Sunday, January 12
I saw Disney's Frozen last week. It's late enough in the season of films that you've probably already seen it; if not, then you should go. The film broke through the tough outer shell in my heart and hit me hard. Only really poignant things do that.
There's a lot in Frozen that made me sit back in my seat and cry. A lot of things that mirror my own life... and I felt the message kindle sparks of hope that usually lay dormant beneath the thick, cold blanket of realism that keeps me safe.
When I was young, I lived in my own world, and the world was beautiful. Magical. Perfect in every way. I remember believing that I had the perfect childhood when I was 11, and also remember feeling the quiet prompting to enjoy what I had... because it wouldn't last forever.
My world shattered with my teenage years, when depression hit me and turned the world black and made me want to sit in my room and cry... but never tell anyone else. I suddenly had a dire need for friends and people who could understand me, but I had no one... partly because I didn't understand myself, and partly because something in my heart, or my mind, or both, had created an impenetrable wall that left me totally and completely isolated and alone.
So when Elsa sat on her floor, surrounded by ice, crying at her bedroom door, year after year after year, that was me.
Anna's passionately romantic and optimistic worldview reminded me of myself... in the moments when I let myself believe. In my heart of hearts, I still believe in romance, happy endings, and that everyone who is willing to do the right things will find true love.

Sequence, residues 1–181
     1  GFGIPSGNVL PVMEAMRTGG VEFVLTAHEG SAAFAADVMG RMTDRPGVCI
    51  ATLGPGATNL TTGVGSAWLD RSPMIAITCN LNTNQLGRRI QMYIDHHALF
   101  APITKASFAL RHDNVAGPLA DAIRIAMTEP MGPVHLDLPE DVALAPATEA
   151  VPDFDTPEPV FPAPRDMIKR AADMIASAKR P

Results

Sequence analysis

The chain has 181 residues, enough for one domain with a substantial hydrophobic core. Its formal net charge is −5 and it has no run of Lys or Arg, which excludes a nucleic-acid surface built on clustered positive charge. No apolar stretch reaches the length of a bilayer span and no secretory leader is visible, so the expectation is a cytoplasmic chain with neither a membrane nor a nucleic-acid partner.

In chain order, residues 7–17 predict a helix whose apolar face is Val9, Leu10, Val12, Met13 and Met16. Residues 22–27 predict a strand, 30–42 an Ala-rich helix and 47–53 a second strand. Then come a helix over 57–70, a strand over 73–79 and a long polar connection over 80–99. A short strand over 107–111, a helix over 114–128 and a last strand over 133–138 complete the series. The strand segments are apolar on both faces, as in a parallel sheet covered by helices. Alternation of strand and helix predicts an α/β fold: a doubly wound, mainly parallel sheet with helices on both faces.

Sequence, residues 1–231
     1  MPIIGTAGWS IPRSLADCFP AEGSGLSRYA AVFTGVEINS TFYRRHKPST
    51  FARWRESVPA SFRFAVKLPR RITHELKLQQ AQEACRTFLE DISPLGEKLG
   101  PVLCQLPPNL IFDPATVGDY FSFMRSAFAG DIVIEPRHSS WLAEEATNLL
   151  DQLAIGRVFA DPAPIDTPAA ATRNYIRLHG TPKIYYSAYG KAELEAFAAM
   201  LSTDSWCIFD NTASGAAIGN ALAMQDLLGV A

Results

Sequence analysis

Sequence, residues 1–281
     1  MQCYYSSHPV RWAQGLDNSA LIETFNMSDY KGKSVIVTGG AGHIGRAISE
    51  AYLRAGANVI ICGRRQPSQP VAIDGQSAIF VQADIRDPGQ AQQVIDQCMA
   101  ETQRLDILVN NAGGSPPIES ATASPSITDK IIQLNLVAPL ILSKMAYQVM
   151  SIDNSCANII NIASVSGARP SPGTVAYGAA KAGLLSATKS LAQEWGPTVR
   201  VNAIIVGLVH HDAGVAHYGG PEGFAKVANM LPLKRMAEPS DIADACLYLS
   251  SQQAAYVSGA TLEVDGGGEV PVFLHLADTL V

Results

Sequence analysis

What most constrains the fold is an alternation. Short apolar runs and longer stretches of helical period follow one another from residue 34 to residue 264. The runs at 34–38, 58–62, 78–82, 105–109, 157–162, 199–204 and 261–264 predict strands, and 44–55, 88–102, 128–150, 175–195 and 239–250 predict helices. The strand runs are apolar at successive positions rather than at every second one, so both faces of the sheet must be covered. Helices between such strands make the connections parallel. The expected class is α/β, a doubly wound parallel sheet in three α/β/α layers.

And yet, it's not enough to just believe. In my case, believing, even opening my heart to believe that life can be awesome and amazing, doesn't give me a superpower to counteract the issues I face. There are real, almost tangible walls that still exist in my relationships when I try as hard as I can. And at the end of the day, my relationships with my family feel stressed, my relationships with friends tenuous and stressful... and God is the only One who really seems to understand me.
If only it was that easy.
As I walked out of the theater, I went to my first therapy session with a new counselor. My goal in therapy? To feel loved in my relationships with others. I can deal with not picking up on social norms or sarcasm or having a somewhat skewed sense or reality because my reality is different.
But this is my dream. Is it possible? Will it ever happen? Can people with autism see improvements in feeling/affect enough to cause significant personal/interpersonal change? Part of me is going through the motions because I feel I should, cold and immune to feeling or hurt. Not believing it will happen, or not. Just doing the right thing because I know it's the right thing to do.But part of me is alive and waiting, on the other side of the door, still believing that for the first time in forever life could become the way I remembered, and always believed, it to be.
Posted by Mormon Guy at 11:49 AM